London and New York: Cambridge University Press 1954. First Edition. vii, 605 pages. 4to. Publisher's original red cloth with gilt spine lettering and simple square embossed edge decorations on boards. Corner tips bumped, and a bit of wear to the spine panel. Front board with crease, corners worn and bumped. A bit of browning to the endpapers. Turing article clean and bright. In Philosophical Transactions of the Royal Society of London, Series B, Volume 237, Biological Sciences, the entire volume offered. The Turing paper is found on pages 37-72. Very Good. Cloth. 
Turing's paper has been “hugely influential” in developmental biology and was used by Turing as a pioneering application in the emerging field of Artificial Life, where computers are often used to simulate living and life-like systems.
"In this paper, Turing proposed that biological pattern formation arises in response to a chemical pre-pattern...Applications of Turing's work to developmental biology are too numerous to list but include limb development, pigmentation patterning, hair and feather germ formation, tooth morphogenesis, phyllotaxis, hydra patterning and regeneration. Moreover, ideas of self-organization now abound in biology, chemistry, and ecology...his paper has significantly advanced the field and the paper is being cited almost everyday." (Cooper)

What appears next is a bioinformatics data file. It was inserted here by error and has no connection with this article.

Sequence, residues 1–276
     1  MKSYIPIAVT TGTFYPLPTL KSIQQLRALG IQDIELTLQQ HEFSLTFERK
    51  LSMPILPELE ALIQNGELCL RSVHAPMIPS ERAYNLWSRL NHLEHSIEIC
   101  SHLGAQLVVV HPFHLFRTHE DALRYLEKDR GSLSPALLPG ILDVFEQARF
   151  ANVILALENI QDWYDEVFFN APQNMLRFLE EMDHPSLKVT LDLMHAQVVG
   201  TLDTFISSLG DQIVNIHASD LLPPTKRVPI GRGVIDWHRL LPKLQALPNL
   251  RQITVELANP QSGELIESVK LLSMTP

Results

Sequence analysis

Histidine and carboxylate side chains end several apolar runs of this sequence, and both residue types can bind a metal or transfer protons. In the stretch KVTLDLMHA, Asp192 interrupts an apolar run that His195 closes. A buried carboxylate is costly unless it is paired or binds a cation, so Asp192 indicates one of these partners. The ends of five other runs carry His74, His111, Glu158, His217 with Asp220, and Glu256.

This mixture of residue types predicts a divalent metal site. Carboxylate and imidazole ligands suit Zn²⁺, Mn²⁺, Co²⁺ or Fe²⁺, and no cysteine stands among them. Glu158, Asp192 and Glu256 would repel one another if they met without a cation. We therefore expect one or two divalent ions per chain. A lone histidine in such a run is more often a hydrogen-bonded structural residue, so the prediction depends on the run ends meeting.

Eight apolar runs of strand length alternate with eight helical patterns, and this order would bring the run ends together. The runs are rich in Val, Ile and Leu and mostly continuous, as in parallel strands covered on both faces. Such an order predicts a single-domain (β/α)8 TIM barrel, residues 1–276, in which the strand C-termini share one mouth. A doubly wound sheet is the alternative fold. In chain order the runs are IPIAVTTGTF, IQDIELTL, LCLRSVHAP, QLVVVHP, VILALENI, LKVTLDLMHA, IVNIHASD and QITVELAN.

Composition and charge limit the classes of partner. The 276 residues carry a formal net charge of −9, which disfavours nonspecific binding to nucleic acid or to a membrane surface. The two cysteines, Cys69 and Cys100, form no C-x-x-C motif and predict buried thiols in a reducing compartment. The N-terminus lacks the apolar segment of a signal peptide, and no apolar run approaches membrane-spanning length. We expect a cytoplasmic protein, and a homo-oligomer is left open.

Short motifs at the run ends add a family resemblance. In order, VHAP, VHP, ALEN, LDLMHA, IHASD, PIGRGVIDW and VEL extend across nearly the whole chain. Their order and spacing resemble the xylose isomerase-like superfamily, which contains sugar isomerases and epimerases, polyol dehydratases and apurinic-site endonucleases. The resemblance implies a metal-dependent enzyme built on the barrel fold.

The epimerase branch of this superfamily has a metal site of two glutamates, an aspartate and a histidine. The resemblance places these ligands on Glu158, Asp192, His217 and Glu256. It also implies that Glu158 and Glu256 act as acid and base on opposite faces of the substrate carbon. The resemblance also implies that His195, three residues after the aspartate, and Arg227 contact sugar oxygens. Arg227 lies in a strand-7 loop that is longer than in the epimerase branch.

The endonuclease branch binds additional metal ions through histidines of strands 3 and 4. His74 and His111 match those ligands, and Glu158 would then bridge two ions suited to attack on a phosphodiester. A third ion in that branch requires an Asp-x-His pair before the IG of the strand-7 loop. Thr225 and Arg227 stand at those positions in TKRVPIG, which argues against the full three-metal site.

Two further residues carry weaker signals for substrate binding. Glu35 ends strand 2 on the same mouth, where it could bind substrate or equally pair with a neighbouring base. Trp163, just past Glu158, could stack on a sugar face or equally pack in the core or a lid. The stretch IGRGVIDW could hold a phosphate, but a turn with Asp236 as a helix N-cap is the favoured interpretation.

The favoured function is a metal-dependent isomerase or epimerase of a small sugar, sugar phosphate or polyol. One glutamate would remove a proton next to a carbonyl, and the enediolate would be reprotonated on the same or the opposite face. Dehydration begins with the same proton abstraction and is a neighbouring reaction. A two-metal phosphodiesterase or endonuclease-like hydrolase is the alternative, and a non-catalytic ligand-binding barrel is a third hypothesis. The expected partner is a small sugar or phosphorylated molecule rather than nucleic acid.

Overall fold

“In his final years Turing worked on … Artificial Life (A-Life). The central aim of A-Life is a theoretical understanding of naturally-occurring biological life – in particular… its ability to self-organize (i.e. to develop form and structure spontaneously)... Turing was the first to use computer simulation to investigate a theory of 'morphogenesis'...he began this investigation as soon as the first Ferranti Mark I [computer] to be produced was installed at Manchester University...In June 1954, in the midst of this groundbreaking work, Turing died.” (Copeland)
References: Cooper and van Leeuwen, Alan Turing his work and impact, p684-5. Copeland and others, Alan Turing's Electronic Brain, pp 136-7.